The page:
Smart watches to identify patients in CHSLDs

COVID-19 is wreaking the most havoc in long-term care centers, and now researchers are looking to bring high-tech back-up. Their idea: smart watches and artificial intelligence algorithms that can spot infected patients before they even develop symptoms.


Posted on June 12, 2020 at 12:00 am

Philippe MercurePhilippe Mercure
The Press

“We know that asymptomatic residents can transmit COVID-19 to employees who, in turn, can transmit it to other seniors. Quickly identifying and isolating cases is therefore a crucial challenge in long-term care centers, “said Samira A. Rahimi, assistant professor in the department of family medicine at McGill University, who will lead this project. She recalls that in Quebec, 80% of deaths related to COVID-19 occurred in CHSLDs and residences for the elderly.

In collaboration with Toronto researchers, Mme Rahimi wants to equip residents with smart watches that will transmit vital signs such as temperature, blood pressure or oxygen levels in seniors’ blood in real time. Sleep rhythms will also be studied. Other sensors may need to be placed on the residents’ bodies, but Professor Rahimi hopes the watches will suffice.

PHOTO PROVIDED BY SAMIRA A. RAHIMI

Samira A. Rahimi, Assistant Professor in the Department of Family Medicine at McGill University

This information will be continuously transmitted to an artificial intelligence system.

“The algorithms will try to detect abnormalities in patients who indicate an infection. We believe that changes in pressure, oxygen levels and sleep occur before the symptoms of COVID-19 appear, “says Samira A. Rahimi. If a change is detected, an alert will be sent to the nursing staff, who can then pass a diagnostic test and isolate the patient.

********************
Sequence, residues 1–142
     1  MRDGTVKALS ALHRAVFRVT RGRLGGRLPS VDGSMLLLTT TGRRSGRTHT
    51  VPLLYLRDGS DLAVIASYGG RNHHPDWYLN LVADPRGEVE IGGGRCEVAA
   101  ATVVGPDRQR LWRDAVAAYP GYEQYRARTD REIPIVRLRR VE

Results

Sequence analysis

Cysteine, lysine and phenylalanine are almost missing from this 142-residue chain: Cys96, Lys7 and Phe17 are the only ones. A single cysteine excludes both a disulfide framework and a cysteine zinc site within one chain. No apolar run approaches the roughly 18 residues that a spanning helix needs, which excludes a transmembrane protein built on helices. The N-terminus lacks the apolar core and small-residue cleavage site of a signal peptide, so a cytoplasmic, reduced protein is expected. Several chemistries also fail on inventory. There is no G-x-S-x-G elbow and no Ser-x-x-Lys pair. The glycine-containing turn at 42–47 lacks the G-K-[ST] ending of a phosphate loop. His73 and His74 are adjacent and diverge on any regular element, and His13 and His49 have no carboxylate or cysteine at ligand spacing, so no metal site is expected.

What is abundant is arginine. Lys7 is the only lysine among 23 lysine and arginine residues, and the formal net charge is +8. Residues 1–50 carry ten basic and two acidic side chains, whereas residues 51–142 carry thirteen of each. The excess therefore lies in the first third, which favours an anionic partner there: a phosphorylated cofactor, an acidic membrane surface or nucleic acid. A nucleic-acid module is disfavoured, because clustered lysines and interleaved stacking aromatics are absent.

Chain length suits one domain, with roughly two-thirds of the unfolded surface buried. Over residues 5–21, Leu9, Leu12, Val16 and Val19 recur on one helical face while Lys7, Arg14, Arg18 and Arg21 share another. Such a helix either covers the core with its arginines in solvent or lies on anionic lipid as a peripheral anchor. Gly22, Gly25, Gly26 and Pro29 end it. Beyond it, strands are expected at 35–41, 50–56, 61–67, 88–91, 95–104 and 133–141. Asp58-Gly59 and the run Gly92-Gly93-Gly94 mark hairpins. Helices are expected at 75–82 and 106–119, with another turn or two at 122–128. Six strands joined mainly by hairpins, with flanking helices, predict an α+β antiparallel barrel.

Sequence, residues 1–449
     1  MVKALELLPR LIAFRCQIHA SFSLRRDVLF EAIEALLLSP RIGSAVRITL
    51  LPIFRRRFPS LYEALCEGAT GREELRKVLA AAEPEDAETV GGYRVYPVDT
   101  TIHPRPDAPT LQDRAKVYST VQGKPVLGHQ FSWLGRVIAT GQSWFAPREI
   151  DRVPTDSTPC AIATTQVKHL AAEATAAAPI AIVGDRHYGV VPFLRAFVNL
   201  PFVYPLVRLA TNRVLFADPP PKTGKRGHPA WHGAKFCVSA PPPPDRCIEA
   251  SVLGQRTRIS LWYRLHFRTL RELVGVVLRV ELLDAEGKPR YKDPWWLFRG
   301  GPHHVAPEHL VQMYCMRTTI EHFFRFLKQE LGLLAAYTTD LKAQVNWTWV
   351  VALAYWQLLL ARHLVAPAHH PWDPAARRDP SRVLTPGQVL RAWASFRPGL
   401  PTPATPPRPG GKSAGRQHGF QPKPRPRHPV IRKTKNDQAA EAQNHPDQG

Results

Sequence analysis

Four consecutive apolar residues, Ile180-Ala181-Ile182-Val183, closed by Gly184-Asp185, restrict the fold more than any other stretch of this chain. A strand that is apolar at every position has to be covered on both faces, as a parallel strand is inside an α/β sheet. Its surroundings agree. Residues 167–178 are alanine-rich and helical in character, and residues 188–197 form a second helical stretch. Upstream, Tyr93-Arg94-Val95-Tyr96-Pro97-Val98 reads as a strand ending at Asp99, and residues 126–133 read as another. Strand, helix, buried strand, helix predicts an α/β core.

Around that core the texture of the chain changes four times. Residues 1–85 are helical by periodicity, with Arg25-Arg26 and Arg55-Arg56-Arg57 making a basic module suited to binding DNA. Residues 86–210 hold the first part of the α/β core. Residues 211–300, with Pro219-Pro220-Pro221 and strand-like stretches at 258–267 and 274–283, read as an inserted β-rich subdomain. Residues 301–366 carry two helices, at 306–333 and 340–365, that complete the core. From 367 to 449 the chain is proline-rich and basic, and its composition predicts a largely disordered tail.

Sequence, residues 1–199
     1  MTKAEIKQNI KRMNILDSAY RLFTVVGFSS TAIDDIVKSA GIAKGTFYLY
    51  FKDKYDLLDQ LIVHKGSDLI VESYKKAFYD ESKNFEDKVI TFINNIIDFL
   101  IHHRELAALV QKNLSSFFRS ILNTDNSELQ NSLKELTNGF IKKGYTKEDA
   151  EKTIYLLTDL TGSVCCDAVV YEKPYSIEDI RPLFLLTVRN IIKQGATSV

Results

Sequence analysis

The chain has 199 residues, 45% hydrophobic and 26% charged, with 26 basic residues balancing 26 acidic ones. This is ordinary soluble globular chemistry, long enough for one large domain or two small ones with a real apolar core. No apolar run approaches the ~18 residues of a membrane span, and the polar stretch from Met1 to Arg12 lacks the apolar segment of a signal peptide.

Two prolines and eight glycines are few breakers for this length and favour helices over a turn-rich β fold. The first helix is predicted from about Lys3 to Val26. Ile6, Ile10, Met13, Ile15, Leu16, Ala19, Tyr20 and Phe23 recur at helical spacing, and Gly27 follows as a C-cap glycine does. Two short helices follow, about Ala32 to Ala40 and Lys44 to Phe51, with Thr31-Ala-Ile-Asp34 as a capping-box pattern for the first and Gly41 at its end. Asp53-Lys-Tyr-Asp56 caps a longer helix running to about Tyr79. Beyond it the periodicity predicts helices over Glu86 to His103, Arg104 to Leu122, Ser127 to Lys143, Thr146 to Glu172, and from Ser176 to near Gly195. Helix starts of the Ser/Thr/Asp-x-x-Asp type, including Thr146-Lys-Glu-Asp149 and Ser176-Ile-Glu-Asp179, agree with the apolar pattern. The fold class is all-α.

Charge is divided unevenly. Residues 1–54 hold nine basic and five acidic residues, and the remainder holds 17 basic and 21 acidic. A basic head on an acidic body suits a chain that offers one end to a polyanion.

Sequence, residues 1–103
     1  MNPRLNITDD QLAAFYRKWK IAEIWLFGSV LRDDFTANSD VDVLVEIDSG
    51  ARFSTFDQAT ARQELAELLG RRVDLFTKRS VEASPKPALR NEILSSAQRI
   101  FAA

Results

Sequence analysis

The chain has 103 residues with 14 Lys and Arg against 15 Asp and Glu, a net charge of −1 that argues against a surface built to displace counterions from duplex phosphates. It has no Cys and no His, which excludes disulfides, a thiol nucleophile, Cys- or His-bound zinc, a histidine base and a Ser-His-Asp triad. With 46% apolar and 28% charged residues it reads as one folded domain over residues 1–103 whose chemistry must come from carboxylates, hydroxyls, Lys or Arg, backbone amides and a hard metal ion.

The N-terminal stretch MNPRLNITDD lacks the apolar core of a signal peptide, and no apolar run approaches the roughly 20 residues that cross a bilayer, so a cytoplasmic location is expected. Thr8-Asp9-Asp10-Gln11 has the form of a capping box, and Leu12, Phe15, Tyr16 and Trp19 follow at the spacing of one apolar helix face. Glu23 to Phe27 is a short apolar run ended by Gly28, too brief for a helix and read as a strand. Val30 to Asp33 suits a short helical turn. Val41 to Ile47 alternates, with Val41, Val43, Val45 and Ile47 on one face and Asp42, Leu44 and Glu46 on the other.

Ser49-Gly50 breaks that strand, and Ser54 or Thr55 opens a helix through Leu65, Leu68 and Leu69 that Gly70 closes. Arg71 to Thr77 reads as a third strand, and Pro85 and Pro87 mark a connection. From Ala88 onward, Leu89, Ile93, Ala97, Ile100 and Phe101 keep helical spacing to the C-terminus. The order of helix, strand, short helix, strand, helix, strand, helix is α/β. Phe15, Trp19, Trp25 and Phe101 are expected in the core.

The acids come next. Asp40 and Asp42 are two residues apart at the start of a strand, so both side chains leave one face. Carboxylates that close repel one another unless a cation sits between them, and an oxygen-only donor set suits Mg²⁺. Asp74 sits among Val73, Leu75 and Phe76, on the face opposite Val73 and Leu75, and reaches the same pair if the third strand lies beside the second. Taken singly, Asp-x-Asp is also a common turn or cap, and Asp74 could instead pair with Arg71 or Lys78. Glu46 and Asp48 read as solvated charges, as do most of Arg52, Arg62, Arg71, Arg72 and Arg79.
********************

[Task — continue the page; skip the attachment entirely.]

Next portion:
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Pilot project

This remote monitoring method will be tested in a pilot project at the Donald Berman Jewish Eldercare Center, as well as in a long-term care center in Toronto. If it proves effective, it could later be extended to other establishments. Mme Rahimi received financial support from the pharmaceutical company Roche Canada as part of the “Challenge to innovate against COVID-19” competition, which rewarded 11 potential solutions in the fight against COVID-19.

The researcher points out that CHSLD employees, especially during a pandemic, do not have the time to regularly take the residents’ temperature or vital signs, hence the advantage of an automated monitoring system. The watches are non-invasive, have long-lasting batteries, and are water resistant, so residents don’t have to worry about them and can forget about them. The project has obviously received the approval of the necessary ethical committees. It is part of a larger movement called “the internet of medical objects”, which aims to collect and analyze medical data remotely to improve care and diagnostics.

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